I dream of a world where every one of God’s precious children have health care, and clean air and water, and good schools, and safe homes and neighborhoods, and plenty to eat, when God’s creatures will not be harmed by our selfish demands on the environment, and most of all, there will be peace, peace on earth, for all of God’s children, not just some of us, and there will be no more war. I know St James Church and the Catholic Church will share this dream, and that we are working hard to make it come true. And that is one very important reason why I give to this church, and why I intend to give more in the coming year.

     I hear of so many parents and grandparents whose children, in college or out on their own or raising families, don’t feel a need to attend church on a regular basis, although they consider St James Church their church. Sometimes, growing in what they consider sophistication, they think church is ‘fine’ for their mother or their grandmother and they’re glad ‘it’s there’ for them; but they don’t ‘need’ to go themselves, except on Christmas and Easter.

      But we watch them grow so much through the years, as they sometimes have experienced more of life’s losses and hurts — as well as its triumphs and joys. And sometimes they get the courage to ask questions like:  “Mom, if anything ever happened to you, Father Metzler would help me through it, wouldn’t he?” And you answer, “Yes, Father Metzler would help you through it. He does great funerals, and so would the people, your church family, here at St James Church.”

      I feel so blessed. Isn’t this what we are about, here in the church? God has called us to be a loving, generous, caring community where our children will feel and learn compassion, where we will, all of us, together, old and young, women and men, gay and straight, white, black, rich, poor, and in-between, all of us together – we will be light for the world.  Not just for ourselves or for one another, but for the world.

      I love Eugene Peterson’s translation in ‘The Message Bible’ of the text from Matthew about not hiding our light under a bushel. He says: : “Let me tell you why you are here. You’re here to be light, bringing out the God-colors in the world. God is not a secret to be kept. We’re going public with this, as public as a city on a hill. If I make you light-bearers, you don’t think I’m going to hide you under a bucket, do you? I’m putting you on a light stand. Now that I’ve put you there on a hilltop, on a light stand – shine! Keep open house; be generous with your lives. By opening up to others, you’ll prompt people to open up with God, this generous Father and Mother in heaven.”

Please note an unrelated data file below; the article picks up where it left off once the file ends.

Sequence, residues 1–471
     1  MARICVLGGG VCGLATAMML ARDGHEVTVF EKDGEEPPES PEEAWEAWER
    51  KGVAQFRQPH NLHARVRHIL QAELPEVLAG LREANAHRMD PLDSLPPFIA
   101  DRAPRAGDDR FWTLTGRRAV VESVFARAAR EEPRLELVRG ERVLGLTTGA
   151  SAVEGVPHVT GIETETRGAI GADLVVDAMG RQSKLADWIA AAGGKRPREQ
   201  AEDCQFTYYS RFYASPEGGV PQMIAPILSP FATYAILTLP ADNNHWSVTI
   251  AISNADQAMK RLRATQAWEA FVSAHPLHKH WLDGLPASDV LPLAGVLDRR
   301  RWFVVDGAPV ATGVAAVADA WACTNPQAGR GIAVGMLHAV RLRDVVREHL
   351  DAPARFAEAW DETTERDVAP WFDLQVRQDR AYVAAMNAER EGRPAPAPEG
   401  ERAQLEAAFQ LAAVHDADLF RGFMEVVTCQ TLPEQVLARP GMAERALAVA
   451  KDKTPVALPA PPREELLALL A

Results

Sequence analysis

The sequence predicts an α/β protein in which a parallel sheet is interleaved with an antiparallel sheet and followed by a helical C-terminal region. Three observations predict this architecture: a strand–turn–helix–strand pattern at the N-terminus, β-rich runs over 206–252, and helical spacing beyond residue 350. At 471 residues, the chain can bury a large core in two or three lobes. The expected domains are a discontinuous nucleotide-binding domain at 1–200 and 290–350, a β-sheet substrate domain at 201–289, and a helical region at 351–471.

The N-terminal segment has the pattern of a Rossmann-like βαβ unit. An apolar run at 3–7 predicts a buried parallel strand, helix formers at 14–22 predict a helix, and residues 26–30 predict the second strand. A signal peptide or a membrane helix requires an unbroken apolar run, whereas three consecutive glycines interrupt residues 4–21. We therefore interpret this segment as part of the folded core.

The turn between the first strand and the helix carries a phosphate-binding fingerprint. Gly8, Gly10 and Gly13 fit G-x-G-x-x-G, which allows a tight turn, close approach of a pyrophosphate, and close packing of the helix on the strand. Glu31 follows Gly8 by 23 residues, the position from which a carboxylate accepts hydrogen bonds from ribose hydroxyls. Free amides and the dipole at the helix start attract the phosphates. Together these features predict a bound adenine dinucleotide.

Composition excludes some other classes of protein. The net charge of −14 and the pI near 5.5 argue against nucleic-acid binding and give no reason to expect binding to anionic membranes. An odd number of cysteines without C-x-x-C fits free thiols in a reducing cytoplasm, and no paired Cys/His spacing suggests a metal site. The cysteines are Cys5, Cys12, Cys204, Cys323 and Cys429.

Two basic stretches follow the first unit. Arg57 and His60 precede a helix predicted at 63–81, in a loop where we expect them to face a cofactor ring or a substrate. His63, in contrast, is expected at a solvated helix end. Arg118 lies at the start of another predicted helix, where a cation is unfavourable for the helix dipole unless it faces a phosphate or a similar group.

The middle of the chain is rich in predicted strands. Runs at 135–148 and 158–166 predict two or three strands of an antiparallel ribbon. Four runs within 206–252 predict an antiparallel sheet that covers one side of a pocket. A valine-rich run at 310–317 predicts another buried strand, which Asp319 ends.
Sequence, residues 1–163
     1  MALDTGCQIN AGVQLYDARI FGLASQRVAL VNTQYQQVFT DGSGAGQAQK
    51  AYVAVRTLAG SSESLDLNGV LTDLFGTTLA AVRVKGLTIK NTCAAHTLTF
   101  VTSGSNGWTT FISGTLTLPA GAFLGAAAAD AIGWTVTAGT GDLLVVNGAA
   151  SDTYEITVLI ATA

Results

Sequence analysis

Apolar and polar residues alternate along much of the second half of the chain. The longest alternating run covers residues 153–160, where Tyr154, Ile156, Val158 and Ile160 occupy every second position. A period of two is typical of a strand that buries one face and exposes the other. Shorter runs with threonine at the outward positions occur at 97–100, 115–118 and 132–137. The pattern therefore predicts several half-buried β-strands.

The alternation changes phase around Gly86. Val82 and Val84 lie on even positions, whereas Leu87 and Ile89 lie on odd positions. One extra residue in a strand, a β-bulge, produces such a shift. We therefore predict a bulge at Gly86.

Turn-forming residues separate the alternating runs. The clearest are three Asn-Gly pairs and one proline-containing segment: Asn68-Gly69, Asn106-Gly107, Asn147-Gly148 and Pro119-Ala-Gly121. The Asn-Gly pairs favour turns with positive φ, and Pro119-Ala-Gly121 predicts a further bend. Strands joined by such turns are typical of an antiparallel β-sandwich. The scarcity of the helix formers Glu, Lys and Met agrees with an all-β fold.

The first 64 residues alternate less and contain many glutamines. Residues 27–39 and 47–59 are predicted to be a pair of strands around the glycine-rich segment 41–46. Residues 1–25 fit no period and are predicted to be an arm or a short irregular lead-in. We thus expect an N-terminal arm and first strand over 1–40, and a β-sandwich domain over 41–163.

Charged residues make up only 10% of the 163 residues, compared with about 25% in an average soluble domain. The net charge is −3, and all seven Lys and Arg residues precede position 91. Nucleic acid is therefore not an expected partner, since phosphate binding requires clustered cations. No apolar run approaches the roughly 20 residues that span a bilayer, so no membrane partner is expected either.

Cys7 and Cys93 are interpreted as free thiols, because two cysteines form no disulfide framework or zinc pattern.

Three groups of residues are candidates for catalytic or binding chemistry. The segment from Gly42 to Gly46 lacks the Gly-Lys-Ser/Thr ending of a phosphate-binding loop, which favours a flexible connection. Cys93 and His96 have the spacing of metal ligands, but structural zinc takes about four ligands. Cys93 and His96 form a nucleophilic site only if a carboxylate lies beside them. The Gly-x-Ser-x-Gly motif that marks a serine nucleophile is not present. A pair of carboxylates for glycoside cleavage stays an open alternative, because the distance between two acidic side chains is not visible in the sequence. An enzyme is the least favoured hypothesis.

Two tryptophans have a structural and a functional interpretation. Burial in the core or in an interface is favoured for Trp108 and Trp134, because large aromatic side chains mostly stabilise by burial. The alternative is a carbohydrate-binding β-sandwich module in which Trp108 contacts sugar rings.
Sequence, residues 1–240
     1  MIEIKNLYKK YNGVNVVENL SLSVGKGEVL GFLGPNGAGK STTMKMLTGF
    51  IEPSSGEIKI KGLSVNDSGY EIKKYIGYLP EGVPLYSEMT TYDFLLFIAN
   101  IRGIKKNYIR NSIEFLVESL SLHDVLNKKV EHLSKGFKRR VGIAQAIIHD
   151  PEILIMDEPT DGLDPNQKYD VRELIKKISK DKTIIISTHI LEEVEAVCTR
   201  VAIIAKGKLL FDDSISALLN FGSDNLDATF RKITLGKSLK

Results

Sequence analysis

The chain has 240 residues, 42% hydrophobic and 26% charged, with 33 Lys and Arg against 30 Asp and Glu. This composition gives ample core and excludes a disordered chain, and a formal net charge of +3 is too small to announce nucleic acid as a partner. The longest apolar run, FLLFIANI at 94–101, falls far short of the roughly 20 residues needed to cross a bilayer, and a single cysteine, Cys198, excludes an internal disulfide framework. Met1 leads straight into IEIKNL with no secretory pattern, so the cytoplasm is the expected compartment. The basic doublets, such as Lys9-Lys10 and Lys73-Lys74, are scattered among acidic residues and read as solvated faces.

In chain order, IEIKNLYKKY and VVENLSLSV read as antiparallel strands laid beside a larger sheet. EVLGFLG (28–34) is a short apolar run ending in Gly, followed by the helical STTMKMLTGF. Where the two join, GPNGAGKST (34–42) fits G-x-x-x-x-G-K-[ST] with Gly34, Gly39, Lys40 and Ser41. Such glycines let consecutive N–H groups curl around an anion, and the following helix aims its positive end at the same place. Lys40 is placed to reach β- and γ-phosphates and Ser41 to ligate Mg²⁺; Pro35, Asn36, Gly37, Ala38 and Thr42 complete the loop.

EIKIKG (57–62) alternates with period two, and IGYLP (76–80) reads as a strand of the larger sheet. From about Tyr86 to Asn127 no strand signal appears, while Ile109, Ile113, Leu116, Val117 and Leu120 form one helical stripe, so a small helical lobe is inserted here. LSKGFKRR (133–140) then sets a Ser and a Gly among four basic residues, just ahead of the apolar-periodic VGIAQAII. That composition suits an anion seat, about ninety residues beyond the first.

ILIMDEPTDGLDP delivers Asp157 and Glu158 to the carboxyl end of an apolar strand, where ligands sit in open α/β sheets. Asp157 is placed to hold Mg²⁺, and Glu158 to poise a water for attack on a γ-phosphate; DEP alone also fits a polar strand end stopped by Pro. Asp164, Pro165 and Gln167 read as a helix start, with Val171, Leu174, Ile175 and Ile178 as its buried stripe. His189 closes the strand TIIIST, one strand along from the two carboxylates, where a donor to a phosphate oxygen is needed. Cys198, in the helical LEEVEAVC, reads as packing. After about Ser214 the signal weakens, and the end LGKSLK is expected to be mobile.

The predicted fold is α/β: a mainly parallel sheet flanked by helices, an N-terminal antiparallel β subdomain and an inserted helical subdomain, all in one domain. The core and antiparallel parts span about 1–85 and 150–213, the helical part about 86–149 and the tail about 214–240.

Be generous with your lives. My friends. the church we love, with all its problems, is more lovely than ever before, in days such as these. More lovely, and more needed, than ever before. We need to be even more hospitable, even more clear about our welcome, our vision, our hope for the world.

    It will be a week or so before you receive in the mail the financial report from St James parish, I invite you, I encourage you, I urge you to consider – even to wrestle with – how you might be even more generous with your life, with your time, talent, and treasure, and with your final Remembrance to your parish when you die. I invite you to grow your giving if you can, to give more generously to St. James so that the incredible ministries that happen here, day in and day out, will grow and expand and unfold into the world that surrounds us, the world that God so loves. Giving generously will transform the world, but it transforms each one of us, too.

      Especially in these past weeks, when all the constant election ads and convention images with all their negativity, continue to show us how much government has, and continues to, fail our people, our communities and ourselves, we see how urgent our call is here at St James Church, our call to “go public” with this – as public as a city on a hill. We will be light and salt and leaven for the world. We are small, but we will be the mustard seed that grows into a mighty tree of justice, of caring, and of compassion. Let’s take our place up on that light stand, up on that hilltop, and shape a beautiful city on a hill, shining and lovely so that all may see the good that unfolds here, and will give glory to God in heaven. We will be light for the world.  Amen.

1 Comment

  1. Jim Foley

    Tue 11th Sep 2012 at 5:52 pm

    What a timely and beautiful message. I could feel your genuine sense of joy in your expressions of gratitude and that sense of joy transferred over to me as I read it. Thank you for your years of generosity and for reminding us of our challange to be generous with our lives. The homily illustrates to me how an attitude of gratitude brings a joyful spirit, an attitude that your homily encourages me to continually seek after. Thank you for that!
    Your friend Jim